Spring is here! And for two days (minus the early part of this morning with the sleep med hangover) I've felt great. Standing at my desk is helping to stretch my shoulders and back, but I still caught myself scrunching my shoulders while working today and had to make an extra effort to drop them. I've been downing small pinches of salt throughout the day too--craving it--and feeling better as I reach some level only my body knows, so I'm guessing there are some adrenal issues that are preventing electrolytes from staying balanced. But by noon, I had no breathing issues whatsoever. It's been wonderful!
And then I went to enjoy this day with my boy:
When I had him inside, I turned him loose in the indoor arena to run and he stayed in a circle around me as if I had a lunge-line on him. He even put in a good crow-hop, about 2 feet off the ground! Also, the last few times I've been out, I've been working on him yielding his head in a relaxed way without hanging against the halter, picking up our yielding lessons again from last year in preparation for summer riding. Today, he finally gave me what I wanted, and when I released him each time, he let out a lot of tension in the form of yawns and deep breaths.
I had also expected to touch up his hooves. His heels that I noticed were contracted on Sunday looked improved today already, only five days after first treating them for thrush this year and giving them some touch-up trimming to encourage them to open. It's that time of year to stay on top of the thrush/hoof rot that comes from sloppy footing. I've learned from experience that contracted heels are a major source of pain for horses and are generally caused by two things--thrushy hooves and bad trimming.
I learned barefoot trimming a few years ago, but having been sick and not sure how much I could safely push myself over the last two years (and knowing that trimming is HARD work), I entrusted Buddy's trimming to someone else, although I know this person is a farrier and trims for shoes, whether a horse gets them or not. That is WRONG and can do a lot of harm.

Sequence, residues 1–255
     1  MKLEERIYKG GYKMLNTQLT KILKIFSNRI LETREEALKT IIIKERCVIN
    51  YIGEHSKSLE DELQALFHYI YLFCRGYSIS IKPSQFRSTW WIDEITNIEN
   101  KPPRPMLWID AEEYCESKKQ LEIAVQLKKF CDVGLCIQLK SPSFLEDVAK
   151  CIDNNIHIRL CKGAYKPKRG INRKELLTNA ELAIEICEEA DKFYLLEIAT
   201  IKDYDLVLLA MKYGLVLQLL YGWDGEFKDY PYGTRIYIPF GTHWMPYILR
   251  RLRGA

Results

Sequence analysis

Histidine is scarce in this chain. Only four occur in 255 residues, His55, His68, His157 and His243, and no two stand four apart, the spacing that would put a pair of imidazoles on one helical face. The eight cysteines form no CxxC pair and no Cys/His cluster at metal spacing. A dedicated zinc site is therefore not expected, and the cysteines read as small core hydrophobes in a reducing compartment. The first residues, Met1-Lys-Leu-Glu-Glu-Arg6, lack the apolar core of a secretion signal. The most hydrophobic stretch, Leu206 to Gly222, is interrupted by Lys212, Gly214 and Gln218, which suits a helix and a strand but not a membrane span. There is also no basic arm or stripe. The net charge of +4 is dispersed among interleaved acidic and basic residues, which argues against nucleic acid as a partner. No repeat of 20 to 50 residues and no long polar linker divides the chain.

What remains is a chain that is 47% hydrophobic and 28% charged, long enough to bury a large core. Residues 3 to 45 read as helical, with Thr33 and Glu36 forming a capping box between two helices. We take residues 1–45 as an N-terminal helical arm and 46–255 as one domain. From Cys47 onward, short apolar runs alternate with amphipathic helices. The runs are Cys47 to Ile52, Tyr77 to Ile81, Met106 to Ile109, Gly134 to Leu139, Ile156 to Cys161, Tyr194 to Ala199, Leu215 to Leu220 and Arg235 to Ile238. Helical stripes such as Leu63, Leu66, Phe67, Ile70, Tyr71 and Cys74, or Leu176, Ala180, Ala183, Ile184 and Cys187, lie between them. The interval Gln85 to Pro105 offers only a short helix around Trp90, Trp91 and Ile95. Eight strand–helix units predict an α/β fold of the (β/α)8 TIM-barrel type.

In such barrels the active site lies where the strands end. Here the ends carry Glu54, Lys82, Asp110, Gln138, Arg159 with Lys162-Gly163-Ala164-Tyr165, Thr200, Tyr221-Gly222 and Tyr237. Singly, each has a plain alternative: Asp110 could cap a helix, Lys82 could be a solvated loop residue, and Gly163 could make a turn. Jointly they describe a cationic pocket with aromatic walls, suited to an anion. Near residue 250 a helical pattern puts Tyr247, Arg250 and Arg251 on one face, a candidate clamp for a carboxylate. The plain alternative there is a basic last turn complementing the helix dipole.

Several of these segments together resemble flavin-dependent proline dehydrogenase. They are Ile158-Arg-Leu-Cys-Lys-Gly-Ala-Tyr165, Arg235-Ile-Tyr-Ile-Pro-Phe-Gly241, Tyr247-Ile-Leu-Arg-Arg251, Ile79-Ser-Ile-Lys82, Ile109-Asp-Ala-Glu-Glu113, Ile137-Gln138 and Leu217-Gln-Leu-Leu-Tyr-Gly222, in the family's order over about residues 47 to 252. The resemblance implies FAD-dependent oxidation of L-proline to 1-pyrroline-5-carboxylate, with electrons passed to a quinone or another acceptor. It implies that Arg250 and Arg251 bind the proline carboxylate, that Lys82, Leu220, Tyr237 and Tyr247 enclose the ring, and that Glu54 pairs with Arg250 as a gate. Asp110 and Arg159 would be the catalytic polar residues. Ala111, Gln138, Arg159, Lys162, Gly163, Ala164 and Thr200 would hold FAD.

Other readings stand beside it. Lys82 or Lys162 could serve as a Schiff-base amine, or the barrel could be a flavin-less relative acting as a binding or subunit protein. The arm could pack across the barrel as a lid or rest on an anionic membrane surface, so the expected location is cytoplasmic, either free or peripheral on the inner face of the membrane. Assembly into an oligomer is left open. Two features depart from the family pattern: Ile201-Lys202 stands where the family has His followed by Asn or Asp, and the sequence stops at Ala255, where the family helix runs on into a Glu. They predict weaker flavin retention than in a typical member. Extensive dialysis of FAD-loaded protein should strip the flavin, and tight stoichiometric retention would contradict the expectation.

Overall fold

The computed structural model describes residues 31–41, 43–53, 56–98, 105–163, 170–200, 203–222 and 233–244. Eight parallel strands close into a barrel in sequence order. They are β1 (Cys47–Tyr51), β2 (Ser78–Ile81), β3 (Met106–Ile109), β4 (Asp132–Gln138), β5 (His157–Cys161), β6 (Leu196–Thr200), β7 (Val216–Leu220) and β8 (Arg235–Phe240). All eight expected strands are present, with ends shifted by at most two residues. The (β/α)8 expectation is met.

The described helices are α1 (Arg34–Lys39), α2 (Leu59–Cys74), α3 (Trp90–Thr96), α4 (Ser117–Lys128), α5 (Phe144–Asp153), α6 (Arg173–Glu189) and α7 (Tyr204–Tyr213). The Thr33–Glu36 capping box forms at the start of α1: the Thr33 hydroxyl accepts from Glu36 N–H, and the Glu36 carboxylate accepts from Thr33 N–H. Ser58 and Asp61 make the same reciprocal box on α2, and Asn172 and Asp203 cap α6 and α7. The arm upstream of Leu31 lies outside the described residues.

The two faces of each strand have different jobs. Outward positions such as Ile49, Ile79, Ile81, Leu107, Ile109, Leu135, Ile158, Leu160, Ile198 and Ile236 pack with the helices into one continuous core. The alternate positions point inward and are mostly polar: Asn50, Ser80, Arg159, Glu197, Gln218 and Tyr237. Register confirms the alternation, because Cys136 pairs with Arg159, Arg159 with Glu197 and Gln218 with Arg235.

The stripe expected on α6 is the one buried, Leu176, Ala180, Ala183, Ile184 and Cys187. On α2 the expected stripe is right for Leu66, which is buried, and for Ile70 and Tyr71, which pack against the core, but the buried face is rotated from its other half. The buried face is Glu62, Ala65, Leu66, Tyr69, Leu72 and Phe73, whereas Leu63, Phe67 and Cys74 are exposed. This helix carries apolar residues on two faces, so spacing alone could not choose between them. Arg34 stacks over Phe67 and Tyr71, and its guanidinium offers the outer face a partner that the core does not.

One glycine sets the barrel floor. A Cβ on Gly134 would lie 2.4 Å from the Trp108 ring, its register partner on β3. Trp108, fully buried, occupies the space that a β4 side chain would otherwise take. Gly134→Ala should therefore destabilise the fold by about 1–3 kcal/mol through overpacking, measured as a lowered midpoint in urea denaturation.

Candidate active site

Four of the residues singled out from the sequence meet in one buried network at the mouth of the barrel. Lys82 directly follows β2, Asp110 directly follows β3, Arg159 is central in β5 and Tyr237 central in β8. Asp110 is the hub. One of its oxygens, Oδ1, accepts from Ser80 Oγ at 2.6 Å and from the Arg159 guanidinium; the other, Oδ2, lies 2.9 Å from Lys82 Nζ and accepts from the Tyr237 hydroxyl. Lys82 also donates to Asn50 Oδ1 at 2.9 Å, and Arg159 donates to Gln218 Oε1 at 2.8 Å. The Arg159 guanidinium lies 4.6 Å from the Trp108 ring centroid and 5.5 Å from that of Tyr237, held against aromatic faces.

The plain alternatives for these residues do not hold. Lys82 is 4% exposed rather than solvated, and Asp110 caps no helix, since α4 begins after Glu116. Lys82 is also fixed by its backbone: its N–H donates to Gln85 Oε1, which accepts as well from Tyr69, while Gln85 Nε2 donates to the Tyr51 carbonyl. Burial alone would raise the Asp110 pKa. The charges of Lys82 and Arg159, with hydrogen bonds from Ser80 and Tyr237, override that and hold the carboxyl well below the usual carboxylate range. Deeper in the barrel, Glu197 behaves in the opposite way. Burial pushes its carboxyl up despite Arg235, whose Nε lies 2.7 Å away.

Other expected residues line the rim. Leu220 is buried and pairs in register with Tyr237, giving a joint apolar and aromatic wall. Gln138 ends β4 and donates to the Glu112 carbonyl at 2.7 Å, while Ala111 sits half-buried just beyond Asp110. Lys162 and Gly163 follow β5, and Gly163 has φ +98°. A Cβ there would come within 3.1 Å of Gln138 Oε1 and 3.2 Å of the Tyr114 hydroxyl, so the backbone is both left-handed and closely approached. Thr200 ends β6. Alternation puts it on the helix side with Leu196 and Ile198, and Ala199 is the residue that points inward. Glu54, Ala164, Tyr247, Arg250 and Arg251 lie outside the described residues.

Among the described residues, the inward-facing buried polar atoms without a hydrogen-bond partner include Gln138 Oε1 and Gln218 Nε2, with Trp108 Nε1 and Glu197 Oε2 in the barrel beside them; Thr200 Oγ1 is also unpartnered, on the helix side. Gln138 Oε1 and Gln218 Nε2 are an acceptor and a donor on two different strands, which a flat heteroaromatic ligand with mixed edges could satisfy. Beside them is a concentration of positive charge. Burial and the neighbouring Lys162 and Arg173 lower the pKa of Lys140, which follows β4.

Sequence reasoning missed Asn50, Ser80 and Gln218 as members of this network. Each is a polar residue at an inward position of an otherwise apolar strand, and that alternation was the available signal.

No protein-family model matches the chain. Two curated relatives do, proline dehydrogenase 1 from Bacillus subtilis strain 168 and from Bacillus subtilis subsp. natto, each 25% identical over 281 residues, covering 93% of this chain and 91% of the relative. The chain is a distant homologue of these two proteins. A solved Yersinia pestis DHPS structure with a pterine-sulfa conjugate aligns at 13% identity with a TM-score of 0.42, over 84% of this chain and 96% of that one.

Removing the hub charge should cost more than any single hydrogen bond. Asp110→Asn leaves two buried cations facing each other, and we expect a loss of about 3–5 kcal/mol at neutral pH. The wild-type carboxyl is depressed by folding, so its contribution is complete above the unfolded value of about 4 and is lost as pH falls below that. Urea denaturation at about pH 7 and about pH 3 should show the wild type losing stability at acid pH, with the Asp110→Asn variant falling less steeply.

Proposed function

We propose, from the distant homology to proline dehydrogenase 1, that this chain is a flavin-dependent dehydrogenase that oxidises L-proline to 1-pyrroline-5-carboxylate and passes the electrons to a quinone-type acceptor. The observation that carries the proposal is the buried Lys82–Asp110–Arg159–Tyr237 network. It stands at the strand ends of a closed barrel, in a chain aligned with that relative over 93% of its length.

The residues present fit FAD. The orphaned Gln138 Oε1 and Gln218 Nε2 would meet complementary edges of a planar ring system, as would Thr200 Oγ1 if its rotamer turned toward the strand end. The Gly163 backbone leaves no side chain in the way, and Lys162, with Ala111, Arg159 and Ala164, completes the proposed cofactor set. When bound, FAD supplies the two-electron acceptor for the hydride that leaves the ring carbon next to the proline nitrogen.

When Buddy started getting foot fussy late last fall, I knew that something had happened the last time or two that the farrier had trimmed him, and I hadn't been there the last time. (Then it got too cold for me to spend more than a few minutes outside with heavy gloves before my fingers froze, so wasn't going to potentially spend an hour working with his feet.) This farrier knows I don't like what he does, since he ruined the feet of the horse I had before Buddy; but I didn't have much of a choice. *I* got that previous horse's heels to open up and soles to heal, despite the sidebone, contracted heels, and high, arched, thin soles that he had developed over several years with that farrier! (Alas, there was more wrong with Beau than his hooves and he dealt with a lot of sacrum, stifle, and general body pain, but I did everything for my beloved boy until he deteriorated too far to bear watching him suffer; and now Buddy reaps the benefits also of all the training I took on in hoofcare, body work, nutrition, and dressage riding.)
If Buddy hadn't just had his teeth floated (and a baby cap removed) a week ago, I would have put a saddle and bridle on him and at least started some lunging in side reins, if not also had a short ride indoors. It's too sloppy outside for him to stretch out in a run, much less for me to feel safe riding a young horse. He's pretty sure-footed, but I don't like to take unnecessary chances. I like to give the mouth at least a week to heal, even if he didn't have much done this time with the dentist. The mouth heals quickly, but why push it?
I was so pleased to see Buddy improved today and especially because I helped make that possible. I only regret letting him go so long without treating his heels for thrush--it was a loooong cold winter! But I know he forgives me, especially because I bring the treats ;) . Also, he now accepts me as a benevolent leader worthy of his respect. He's shown me that he lives up to his name :) .